Hi All! I guess everyone is getting back into their normal routine with the kids back in school. Mine are grown so I stay in my routine year-round. Which is go to work come home and work. Work Work Work! Do you feel that way too? For my fun I create things, and makeover things like this vintage train case that I picked up at a vintage shop a few weeks back.
I have been wanting a vintage train case for sometime, but not willing to pay the high price for one. I found this one when the hubby and I were out thrifty. This one dates back to the 1950’s. I paid $10 for it, little more than I wanted (Hey I’m cheap) but since I was going to redo it, and keep it for myself I went ahead and purchased the case.
Can you believe I didn’t even know the name for one of these vintages cases was a train case? I grew up referring to it as a toiletry case or just a small suitcase.
But train case makes perfect sense, it’s small and traveling by train you needed something small.The little case was in really good shape. The inside was a little gross, but that didn’t matter because it was going to get a whole new look inside and out. (Material list at the bottom of the post)
How to Makeover a Vintage Train Case
To start out I wiped the case down inside and out with vinegar and water.
Then I chose the color Celery from my small chalk paint stash for the outside of the case. It took two coats, I also painted the inside edges of the case above the liner.
Then I went shopping at one of my favorite stores Hobby Lobby to find the perfect material for the inside of my vintage train case makeover.
This is the fabric, and cord that I chose. Don’t you think this fabric is the perfect choice for a traveling train case?
Finding the cord to go around the top, and bottom seams was a little more difficult to find. They didn’t have anything to match, so I bought this with the thought of just painting it. But after getting it home I think it will be just find as is.
Excited to get started I made my pattern for the bottom, top, and side pieces for the inside liner of my case. Then cut them out of my fabric.
I don’t know why I didn’t think to rip the old liner out of the case all together, but I didn’t. Instead I just Mod Podge the fabric on over the old liner. Oh well I can just give it another makeover if I ever want to change it up. Isn’t that what us Diy’ers do anyway? LOL
Next came adding the cord around the top edges of the fabric, and around the bottom seam where the fabric meets. I used hot glue for adding the cord. I did the same around the top lip of the case as well.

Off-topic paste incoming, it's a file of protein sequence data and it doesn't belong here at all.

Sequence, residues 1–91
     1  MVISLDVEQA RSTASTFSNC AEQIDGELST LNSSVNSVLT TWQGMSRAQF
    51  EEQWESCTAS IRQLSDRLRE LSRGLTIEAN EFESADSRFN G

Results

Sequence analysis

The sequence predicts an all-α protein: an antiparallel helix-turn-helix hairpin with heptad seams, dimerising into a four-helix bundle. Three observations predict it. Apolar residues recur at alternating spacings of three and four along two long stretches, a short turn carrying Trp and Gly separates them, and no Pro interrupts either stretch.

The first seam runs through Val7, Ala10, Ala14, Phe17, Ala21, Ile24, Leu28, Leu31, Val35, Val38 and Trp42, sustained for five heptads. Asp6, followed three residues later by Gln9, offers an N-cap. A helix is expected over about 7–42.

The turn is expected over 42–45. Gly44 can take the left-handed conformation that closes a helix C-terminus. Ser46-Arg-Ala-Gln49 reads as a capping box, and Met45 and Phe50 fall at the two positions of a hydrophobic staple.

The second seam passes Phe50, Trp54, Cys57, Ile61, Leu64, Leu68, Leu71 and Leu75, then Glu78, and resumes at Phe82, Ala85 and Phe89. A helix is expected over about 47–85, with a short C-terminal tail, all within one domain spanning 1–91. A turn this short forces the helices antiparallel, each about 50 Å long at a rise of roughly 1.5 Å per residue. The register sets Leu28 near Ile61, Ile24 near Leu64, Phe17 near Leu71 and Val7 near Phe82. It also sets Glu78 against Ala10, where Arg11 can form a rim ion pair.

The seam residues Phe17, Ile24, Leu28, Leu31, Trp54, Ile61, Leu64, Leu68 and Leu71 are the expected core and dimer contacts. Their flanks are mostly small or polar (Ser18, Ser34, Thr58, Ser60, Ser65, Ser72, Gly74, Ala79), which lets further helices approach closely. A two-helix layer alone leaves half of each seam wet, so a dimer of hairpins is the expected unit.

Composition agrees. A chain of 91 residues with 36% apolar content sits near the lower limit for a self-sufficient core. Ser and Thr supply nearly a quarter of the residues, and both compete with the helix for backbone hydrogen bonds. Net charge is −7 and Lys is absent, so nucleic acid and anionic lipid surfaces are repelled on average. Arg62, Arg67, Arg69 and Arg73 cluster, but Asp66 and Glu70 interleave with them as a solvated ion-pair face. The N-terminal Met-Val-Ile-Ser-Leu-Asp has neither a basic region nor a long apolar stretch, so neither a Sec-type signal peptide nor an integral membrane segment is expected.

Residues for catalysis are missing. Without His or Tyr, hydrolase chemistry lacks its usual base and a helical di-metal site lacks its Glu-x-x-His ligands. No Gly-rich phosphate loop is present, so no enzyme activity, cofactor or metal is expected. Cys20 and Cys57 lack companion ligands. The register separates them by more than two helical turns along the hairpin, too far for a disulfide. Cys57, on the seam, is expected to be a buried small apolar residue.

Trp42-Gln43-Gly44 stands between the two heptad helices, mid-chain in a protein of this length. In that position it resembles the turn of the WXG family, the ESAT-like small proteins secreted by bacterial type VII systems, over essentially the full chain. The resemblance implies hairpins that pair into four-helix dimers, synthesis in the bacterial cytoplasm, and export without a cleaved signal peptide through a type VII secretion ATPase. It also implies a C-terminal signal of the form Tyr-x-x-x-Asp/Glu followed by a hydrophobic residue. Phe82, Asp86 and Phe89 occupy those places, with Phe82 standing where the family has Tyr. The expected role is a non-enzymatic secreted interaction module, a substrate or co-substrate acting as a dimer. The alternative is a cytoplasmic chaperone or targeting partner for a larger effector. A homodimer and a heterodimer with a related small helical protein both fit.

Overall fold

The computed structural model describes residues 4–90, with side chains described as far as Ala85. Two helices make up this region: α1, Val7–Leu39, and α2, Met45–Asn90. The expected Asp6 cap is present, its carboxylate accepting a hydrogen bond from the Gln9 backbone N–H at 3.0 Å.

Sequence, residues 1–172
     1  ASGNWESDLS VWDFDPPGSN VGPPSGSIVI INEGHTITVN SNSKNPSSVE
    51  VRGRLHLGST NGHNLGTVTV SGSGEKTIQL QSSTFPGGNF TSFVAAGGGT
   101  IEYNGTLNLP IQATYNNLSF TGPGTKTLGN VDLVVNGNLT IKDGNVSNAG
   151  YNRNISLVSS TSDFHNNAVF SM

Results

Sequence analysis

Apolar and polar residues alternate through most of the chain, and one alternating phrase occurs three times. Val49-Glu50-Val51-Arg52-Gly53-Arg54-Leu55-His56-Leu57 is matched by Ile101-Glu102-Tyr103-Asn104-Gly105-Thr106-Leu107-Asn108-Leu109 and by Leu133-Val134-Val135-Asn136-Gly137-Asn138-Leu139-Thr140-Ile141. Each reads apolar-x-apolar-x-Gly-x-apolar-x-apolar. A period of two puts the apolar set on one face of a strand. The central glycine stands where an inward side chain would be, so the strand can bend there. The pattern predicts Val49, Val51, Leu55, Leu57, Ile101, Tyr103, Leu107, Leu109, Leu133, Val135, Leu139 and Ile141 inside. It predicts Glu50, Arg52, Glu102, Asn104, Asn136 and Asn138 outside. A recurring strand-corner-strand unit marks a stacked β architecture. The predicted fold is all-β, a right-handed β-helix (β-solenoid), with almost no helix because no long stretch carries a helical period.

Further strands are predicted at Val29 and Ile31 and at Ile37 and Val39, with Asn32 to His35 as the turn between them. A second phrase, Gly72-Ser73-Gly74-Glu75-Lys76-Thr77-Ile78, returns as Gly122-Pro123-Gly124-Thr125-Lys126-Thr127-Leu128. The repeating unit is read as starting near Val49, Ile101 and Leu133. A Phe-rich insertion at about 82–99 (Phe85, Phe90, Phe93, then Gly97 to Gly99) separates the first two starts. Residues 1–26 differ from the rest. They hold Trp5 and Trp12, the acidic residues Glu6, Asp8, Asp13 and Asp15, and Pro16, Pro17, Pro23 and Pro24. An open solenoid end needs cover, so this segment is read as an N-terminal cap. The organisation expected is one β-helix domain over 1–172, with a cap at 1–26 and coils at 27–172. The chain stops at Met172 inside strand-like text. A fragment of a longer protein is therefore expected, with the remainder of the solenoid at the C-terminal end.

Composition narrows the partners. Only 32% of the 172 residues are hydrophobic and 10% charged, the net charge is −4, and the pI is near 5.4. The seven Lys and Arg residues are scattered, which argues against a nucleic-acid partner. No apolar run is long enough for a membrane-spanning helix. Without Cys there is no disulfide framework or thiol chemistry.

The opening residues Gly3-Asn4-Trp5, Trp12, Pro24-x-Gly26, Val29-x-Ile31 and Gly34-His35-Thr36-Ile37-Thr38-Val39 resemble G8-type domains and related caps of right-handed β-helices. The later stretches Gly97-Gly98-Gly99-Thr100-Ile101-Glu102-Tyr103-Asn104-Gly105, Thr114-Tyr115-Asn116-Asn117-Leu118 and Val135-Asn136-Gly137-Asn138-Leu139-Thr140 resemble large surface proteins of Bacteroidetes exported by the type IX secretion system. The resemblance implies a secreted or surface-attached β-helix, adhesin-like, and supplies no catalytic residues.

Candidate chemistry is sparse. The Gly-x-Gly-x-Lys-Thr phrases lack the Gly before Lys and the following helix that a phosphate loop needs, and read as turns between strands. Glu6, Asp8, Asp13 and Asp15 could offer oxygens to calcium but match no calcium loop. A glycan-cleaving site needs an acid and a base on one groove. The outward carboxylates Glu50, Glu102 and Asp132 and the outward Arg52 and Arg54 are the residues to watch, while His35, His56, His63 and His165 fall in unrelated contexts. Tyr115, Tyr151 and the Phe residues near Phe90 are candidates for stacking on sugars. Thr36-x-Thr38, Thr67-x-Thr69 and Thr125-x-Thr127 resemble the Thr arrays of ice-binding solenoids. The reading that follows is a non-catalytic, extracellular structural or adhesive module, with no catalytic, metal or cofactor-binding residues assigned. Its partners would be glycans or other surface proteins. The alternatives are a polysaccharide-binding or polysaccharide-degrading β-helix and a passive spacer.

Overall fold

This next step I debated whether to leave the fabric as is or to add a coat of Mod Podge over it. The Mod Podge won out. I figured the extra coat would protect the fabric, and make it easier to clean if something was to spill on the inside.
Now back to the outside, it needs something else. At first, I was going to cut out some of the post card patterns that’s on the fabric that I used for the inside. Then decoupage it to the outside, but decided against that idea.
Hmmm, what to do? Back to the craft store with buying a vintage rubber postal stamp in mind. I thought that would be cute since this is a travel case.
Yay! I was in luck they had just what I was looking for.
Next, I gathered up some of my acrylic paints in different shades of mauve’s and green’s. Adding a few drops of each color on a paper plate I then started stamping the pattern onto my traveler’s case here and there changing the colors, and turning the stamp different ways.
Once I thought that I had stamped enough of the postal pattern onto my case I still had a few spots that could use a little something. So, digging through my small stash of rubber stamps that I had on hand I came up with a small heart.
This little heart would be the perfect addition. A heart for the love of travel! I brought out a couple more colors for adding the heart. Black forest green, and rust red.
I let this dry for a couple hours then I added two coats of Mod Podge over the entire outside of the train case. Letting each coat dry thoroughly. This will help to protect my paint job and stamping.
Because of painting the edges of the case, it tends to stick now. So, to fix this problem I rubbed some olive oil to the edges so that it will open easily.
All done with my vintage train case makeover, and I am so LOVING how it turned out.
Have you ever made over a vintage suitcase? If so I would love to heard about your makeover.
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Vintage Train Case
Acrylic paint– Old ivy, Italian sage, Meriol, Rose pink, Black forest green, Rust red
Chalk paint – Celery
Vintage Rubber postal stamp
Rubber heart stamp
Fabric of choice – I bought 1 yard but ¾ yard would probably work, I had left overs
Cord – I bought two spools of 2’ each
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